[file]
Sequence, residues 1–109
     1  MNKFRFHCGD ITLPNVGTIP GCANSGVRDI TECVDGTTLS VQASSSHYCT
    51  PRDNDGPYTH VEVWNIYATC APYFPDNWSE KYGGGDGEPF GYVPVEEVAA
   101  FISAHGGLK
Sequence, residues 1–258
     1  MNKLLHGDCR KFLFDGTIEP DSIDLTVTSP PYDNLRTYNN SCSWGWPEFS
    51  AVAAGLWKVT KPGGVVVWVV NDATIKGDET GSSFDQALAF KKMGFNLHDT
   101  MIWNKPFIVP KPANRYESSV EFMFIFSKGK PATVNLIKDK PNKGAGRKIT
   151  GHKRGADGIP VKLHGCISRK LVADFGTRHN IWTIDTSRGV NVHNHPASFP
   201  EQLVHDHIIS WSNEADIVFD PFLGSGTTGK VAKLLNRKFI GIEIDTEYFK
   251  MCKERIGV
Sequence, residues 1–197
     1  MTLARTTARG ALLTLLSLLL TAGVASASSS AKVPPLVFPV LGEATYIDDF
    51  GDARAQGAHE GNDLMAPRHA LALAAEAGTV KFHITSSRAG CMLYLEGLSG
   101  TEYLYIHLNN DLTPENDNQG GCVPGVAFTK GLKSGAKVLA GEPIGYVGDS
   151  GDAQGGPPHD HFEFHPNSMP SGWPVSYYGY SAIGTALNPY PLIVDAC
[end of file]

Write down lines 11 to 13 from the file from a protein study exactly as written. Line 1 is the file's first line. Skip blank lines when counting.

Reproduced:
   251  MCKERIGV
Sequence, residues 1–197
     1  MTLARTTARG ALLTLLSLLL TAGVASASSS AKVPPLVFPV LGEATYIDDF